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Wagner, Schumann, and the Lessons of Beethoven's Ninth$
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Christopher Alan Reynolds

Print publication date: 2015

Print ISBN-13: 9780520285569

Published to California Scholarship Online: September 2015

DOI: 10.1525/california/9780520285569.001.0001

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Late Schumann, Wagner, and Bach

Late Schumann, Wagner, and Bach

Chapter:
(p.107) Chapter 5 Late Schumann, Wagner, and Bach
Source:
Wagner, Schumann, and the Lessons of Beethoven's Ninth
Author(s):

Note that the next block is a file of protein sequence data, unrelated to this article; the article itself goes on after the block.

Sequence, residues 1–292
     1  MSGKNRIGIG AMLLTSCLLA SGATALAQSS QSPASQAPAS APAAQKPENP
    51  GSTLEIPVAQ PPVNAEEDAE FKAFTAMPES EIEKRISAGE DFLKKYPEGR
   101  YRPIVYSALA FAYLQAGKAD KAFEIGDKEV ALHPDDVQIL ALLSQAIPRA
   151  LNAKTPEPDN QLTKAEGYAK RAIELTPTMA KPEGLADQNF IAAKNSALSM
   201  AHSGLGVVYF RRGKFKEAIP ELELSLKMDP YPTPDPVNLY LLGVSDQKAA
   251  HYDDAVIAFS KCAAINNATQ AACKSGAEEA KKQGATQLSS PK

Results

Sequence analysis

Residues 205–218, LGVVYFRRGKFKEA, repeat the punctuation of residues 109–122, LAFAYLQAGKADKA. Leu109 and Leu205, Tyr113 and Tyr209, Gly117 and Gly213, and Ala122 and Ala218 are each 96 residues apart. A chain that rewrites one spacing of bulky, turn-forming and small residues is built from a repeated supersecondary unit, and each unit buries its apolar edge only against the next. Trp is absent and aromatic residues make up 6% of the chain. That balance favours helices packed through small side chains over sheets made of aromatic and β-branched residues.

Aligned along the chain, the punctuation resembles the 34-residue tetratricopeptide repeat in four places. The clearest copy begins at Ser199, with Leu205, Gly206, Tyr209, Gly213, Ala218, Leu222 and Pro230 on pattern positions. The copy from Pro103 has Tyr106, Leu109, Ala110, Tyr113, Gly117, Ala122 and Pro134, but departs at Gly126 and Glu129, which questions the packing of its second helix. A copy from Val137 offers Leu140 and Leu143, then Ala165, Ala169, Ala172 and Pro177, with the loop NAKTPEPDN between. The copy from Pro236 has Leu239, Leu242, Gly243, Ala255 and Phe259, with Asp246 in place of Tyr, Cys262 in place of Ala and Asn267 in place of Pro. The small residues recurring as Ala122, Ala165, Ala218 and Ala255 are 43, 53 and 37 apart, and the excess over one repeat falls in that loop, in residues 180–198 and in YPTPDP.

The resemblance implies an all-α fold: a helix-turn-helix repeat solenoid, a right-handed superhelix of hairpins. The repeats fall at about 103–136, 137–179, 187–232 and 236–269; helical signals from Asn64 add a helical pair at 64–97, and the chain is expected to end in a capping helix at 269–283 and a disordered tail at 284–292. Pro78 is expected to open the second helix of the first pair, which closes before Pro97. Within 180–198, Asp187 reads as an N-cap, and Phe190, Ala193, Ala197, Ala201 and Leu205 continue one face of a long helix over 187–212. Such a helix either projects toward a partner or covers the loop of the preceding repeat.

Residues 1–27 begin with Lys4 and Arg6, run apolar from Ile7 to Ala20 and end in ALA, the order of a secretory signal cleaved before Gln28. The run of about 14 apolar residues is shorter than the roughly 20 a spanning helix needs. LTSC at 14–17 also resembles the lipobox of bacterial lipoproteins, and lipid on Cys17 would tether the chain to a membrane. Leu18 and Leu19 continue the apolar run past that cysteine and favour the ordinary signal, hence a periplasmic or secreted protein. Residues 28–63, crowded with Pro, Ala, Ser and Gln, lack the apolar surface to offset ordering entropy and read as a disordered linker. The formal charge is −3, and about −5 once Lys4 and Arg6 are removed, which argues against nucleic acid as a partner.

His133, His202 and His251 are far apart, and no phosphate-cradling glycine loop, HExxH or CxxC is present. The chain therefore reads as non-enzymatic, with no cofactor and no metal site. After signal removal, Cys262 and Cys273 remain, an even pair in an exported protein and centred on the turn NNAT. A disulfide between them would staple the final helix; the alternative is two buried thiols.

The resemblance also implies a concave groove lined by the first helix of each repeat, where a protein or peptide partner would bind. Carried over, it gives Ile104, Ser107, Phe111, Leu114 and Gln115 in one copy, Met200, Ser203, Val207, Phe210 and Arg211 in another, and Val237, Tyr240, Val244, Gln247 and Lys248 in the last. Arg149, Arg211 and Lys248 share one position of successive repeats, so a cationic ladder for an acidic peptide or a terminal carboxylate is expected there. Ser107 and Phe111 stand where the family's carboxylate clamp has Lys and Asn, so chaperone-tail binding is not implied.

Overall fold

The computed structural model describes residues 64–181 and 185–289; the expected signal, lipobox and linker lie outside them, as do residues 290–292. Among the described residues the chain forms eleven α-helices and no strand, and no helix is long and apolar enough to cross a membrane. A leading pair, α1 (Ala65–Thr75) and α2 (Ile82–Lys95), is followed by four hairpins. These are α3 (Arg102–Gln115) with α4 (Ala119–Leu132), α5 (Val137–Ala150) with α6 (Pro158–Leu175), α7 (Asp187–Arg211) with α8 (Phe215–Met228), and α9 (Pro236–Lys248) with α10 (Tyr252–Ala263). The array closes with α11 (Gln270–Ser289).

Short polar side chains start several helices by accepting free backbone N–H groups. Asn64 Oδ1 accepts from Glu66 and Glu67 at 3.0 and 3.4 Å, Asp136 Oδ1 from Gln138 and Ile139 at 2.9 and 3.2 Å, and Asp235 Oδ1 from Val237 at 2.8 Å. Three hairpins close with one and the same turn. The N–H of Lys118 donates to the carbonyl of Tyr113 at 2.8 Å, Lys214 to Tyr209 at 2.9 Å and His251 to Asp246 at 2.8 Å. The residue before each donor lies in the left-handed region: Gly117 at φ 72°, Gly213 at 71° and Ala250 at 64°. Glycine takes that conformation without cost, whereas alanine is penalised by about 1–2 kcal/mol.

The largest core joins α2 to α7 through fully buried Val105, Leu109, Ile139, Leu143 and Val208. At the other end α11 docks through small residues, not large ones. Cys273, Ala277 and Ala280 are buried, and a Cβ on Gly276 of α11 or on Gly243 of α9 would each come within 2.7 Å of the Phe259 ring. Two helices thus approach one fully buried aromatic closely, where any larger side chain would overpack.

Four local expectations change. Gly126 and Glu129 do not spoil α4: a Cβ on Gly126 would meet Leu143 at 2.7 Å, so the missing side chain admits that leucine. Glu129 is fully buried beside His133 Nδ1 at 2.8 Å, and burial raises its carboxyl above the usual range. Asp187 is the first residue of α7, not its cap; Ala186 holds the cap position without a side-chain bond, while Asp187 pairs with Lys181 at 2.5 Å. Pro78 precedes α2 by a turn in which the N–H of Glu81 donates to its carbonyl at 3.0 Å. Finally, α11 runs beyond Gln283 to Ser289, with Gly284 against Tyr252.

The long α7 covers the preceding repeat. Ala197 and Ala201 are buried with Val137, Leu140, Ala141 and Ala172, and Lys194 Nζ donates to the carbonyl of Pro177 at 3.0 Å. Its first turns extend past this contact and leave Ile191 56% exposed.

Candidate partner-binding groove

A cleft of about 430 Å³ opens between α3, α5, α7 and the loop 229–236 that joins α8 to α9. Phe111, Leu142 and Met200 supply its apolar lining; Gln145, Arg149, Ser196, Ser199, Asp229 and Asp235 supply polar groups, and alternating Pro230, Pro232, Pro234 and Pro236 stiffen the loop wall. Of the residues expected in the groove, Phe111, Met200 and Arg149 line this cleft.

Varun Gauri

Daniel M. Brinks

Publisher:
University of California Press
DOI:10.1525/california/9780520285569.003.0006

Chapter 5 examines how Schumann and Wagner veered toward each other stylistically in the years that followed Lohengrin and the Symphony no. 2, taking special note of the influence of Bach on both of them. Tristan und Isolde seems particularly indebted to late Schumann—including the Symphony no. 2—as well as to Bach, especially the ecstatic poetry of his Cantata 21. One particularly unexpected work provided Wagner with ideas for Tristan, namely the fourth of Schumann’s Bach fugues, which dates from October 1845—in fact, from the very week in which Wagner first visited Schumann. Although Wagner credited Liszt with introducing him to the wonders of Bach’s music, musical and biographical evidence points to Schumann’s role already in the mid-1840s.

Keywords:   Richard Wagner, Tristan and Isolde, Schumann’s Symphony no. 2, J. S. Bach, Bach Cantata 21, counterpoint

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